My parents showed me her and wanted me to have an Indigenous role model. So I think that representation is really important, that offering different perspectives and stories, narratives that come from this land, Turtle Island, is really important. I want to do that as Chancellor, as an artist, as a speaker and offer that out both for role modelling within Indigenous communities and for everyone.

Do you have a favourite memory as chancellor?

For being chancellor, it was my installation in November 2019. That was the first time I became officially chancellor. Being a part of that ceremony and putting on my robes for the first time, being in the presence of all the graduates and the faculty on the stage and being able to hear the singing of my Indigenous colleagues and being dressed in robes with students within the Indigenous faculty. I would have to say that was a major highlight — a major life highlight — it was a bit surreal and it has a very ceremonial feeling to it.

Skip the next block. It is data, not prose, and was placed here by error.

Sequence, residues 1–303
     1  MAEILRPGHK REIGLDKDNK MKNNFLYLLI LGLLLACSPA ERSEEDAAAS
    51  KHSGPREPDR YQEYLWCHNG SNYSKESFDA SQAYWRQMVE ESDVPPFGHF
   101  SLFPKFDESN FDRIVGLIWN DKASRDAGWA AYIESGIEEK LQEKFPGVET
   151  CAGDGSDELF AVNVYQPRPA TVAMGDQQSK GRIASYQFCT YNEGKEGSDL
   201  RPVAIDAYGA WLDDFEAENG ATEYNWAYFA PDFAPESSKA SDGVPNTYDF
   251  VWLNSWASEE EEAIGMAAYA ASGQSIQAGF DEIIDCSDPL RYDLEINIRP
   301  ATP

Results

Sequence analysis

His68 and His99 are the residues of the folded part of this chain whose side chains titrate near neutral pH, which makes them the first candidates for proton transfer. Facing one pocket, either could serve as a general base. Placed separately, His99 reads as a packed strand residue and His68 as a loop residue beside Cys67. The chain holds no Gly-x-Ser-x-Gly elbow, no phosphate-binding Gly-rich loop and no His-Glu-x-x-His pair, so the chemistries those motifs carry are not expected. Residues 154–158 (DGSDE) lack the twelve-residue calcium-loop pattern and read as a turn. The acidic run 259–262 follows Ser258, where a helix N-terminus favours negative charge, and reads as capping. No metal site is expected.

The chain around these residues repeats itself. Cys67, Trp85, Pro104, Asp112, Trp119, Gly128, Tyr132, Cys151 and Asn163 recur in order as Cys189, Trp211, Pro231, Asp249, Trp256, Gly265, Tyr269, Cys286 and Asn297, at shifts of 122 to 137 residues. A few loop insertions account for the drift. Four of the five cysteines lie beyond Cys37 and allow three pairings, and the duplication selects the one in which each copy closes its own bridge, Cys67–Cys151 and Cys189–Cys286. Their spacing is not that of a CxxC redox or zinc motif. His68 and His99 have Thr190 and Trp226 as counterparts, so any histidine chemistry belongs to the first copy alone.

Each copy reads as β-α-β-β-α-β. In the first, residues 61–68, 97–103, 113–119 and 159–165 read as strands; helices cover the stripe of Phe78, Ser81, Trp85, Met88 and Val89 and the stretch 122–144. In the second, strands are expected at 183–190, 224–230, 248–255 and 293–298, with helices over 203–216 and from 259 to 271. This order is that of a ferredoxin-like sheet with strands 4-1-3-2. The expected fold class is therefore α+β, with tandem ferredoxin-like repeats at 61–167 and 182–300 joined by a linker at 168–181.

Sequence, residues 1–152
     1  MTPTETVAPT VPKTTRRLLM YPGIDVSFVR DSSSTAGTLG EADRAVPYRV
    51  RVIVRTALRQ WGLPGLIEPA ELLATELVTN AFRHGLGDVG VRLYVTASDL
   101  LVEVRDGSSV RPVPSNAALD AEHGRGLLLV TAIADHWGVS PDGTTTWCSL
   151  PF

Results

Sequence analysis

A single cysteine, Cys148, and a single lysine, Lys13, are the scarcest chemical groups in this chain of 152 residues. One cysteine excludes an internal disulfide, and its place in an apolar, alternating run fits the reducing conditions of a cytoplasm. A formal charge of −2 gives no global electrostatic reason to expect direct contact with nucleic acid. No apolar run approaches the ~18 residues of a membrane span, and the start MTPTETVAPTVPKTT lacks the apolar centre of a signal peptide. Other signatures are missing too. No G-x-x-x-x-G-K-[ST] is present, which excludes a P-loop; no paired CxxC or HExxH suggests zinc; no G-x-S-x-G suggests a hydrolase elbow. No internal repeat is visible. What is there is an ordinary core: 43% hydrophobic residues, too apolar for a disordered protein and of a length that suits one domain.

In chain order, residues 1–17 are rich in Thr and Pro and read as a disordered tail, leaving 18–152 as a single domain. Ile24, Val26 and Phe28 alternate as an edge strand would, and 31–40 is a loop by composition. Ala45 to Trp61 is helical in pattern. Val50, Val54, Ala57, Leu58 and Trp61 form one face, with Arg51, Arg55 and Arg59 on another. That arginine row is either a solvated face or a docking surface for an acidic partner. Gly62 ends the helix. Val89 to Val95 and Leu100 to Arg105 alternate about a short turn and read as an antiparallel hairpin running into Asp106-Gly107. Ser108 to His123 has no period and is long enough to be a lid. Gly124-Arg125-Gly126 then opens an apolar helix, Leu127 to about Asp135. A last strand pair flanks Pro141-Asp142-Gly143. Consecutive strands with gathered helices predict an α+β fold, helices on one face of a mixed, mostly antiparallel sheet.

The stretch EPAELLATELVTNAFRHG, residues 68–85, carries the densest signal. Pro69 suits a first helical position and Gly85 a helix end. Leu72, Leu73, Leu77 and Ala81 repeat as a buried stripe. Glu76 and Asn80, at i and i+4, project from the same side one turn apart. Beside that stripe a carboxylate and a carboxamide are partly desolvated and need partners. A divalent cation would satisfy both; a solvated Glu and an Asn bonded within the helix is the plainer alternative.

Do you have a favourite memory regarding dance?

I had so many dance memories. Because all of my experiences are quite different and all of my productions are quite different, it would be hard to choose one. I love performing and I love performing artists. I just feel like out of all of the times of performing, the experience of falling into performance and being able to share with audiences in an 100 per cent committed, talk-inspired and dedicated way is why I do what I do.

Do you have a big takeaway from your experiences or message to others?

I think the biggest takeaway, for myself personally, that I continue to hold, is lifelong learning. Learning is never-ending. It keeps you inspired. It keeps you curious. It keeps you asking questions and developing and transforming. So, I hope to continue to be a lifelong learner. And I encourage everybody else to find that for themselves as well.